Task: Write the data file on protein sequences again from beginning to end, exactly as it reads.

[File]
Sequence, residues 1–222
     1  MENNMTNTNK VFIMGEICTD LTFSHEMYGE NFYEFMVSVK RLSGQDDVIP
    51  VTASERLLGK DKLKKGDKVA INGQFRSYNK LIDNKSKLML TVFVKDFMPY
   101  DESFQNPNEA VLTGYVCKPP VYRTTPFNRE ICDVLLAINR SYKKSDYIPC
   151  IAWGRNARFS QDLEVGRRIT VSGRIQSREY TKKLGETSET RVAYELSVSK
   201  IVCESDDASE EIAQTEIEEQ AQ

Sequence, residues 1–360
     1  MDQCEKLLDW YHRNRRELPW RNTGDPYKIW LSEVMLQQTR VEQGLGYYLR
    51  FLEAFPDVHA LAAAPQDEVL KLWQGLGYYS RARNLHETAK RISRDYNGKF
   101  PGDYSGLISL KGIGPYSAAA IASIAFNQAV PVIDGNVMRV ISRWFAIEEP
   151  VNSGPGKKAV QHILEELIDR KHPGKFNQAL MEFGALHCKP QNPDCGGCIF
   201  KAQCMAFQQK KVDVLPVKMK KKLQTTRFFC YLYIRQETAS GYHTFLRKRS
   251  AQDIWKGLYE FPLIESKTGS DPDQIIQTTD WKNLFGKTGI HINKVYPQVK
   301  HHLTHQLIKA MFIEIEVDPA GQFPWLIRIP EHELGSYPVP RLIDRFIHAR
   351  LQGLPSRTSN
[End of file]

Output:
Sequence, residues 1–222
     1  MENNMTNTNK VFIMGEICTD LTFSHEMYGE NFYEFMVSVK RLSGQDDVIP
    51  VTASERLLGK DKLKKGDKVA INGQFRSYNK LIDNKSKLML TVFVKDFMPY
   101  DESFQNPNEA VLTGYVCKPP VYRTTPFNRE ICDVLLAINR SYKKSDYIPC
   151  IAWGRNARFS QDLEVGRRIT VSGRIQSREY TKKLGETSET RVAYELSVSK
   201  IVCESDDASE EIAQTEIEEQ AQ

Sequence, residues 1–360
     1  MDQCEKLLDW YHRNRRELPW RNTGDPYKIW LSEVMLQQTR VEQGLGYYLR
    51  FLEAFPDVHA LAAAPQDEVL KLWQGLGYYS RARNLHETAK RISRDYNGKF
   101  PGDYSGLISL KGIGPYSAAA IASIAFNQAV PVIDGNVMRV ISRWFAIEEP
   151  VNSGPGKKAV QHILEELIDR KHPGKFNQAL MEFGALHCKP QNPDCGGCIF
   201  KAQCMAFQQK KVDVLPVKMK KKLQTTRFFC YLYIRQETAS GYHTFLRKRS
   251  AQDIWKGLYE FPLIESKTGS DPDQIIQTTD WKNLFGKTGI HINKVYPQVK
   301  HHLTHQLIKA MFIEIEVDPA GQFPWLIRIP EHELGSYPVP RLIDRFIHAR
   351  LQGLPSRTSN